B.C. declares provincial state of emergency due to COVID-19
While the City of Vancouver declared a state of emergency in response to the COVID-19 outbreak, B.C. Public Safety Minister Mike Farnworth declared a provincial state of emergency today (March 18).
The declaration is based on recommendations of B.C. emergency management and health officials and following provincial health officer Dr. Bonnie Henry’s declaration of a provincial health emergency yesterday (March 17), Farnworth explained that this declaration will ensure federal, provincial, and local resources are coordinated, calling it an “all hands on deck approach”.
Under the Public Emergency Act, today’s declaration has additional powers, such using means to secure critical supply chains, maintaining public access to essential goods and services, and ensuring infrastructure is available.
“We are working with partners across government and industry to co-ordinate emergency response efforts, and we won’t hesitate to use the tools available to us to keep people safe,” Farnworth stated.
The state of emergency is in effect for 14 days, and may be rescinded or extended as needed.
As house leader, Farnworth is working to resume the legislature to complete urgent government business to speed up the response to COVID-19 and key decisions need to be in coming days to give relief to people and businesses in province.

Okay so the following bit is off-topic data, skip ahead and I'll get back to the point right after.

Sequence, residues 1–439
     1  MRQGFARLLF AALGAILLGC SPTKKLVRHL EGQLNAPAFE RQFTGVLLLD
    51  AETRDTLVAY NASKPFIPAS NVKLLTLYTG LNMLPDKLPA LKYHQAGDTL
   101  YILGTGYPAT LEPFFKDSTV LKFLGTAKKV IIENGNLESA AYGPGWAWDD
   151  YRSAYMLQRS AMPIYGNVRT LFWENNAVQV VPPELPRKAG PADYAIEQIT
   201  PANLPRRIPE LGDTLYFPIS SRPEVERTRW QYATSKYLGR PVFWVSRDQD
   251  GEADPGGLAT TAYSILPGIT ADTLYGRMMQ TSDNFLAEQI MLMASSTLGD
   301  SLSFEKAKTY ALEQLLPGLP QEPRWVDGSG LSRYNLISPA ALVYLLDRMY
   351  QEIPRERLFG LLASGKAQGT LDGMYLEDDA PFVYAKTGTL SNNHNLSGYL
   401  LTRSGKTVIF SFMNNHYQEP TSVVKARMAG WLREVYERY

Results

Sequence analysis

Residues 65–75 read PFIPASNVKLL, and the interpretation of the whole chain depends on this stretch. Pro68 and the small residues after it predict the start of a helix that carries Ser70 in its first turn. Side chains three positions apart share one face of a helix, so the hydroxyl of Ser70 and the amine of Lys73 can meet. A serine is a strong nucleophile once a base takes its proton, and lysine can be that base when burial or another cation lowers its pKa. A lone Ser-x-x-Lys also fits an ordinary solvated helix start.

Farnworth stated that the legislature will resume on Monday (March 23) with reduced numbers and minimal staff to pass important legislation that will ensure the continuity of government and provide employment support to B.C. citizens.
Farnworth asked everyone to abide by health official recommendations, including social distancing, remaining at home, and more.
When asked about hoarding issues, Farnworth stated that they are working with the retail council at provincial and federal level, and today’s emergency declaration will give the province the powers to back up the work being done by the retail council.
“Our supply chains are in good shape,” he said. “People need to use common sense.
When asked if retired doctors or former medical officials will be forced to be brought back under the emergency powers, Farnworth stated that the declaration does give broad and sweeping powers to direct resources, whether human or other, to deal with state of emergency.
However, he said that as they are already seeing retired health professionals with applicable skills stepping up and coming forward voluntarily, he doesn’t believe will have to force people to do what is the right thing to do.
Previous declarations provincial state of emergencies were declared for wildfires in 2017 and 2018.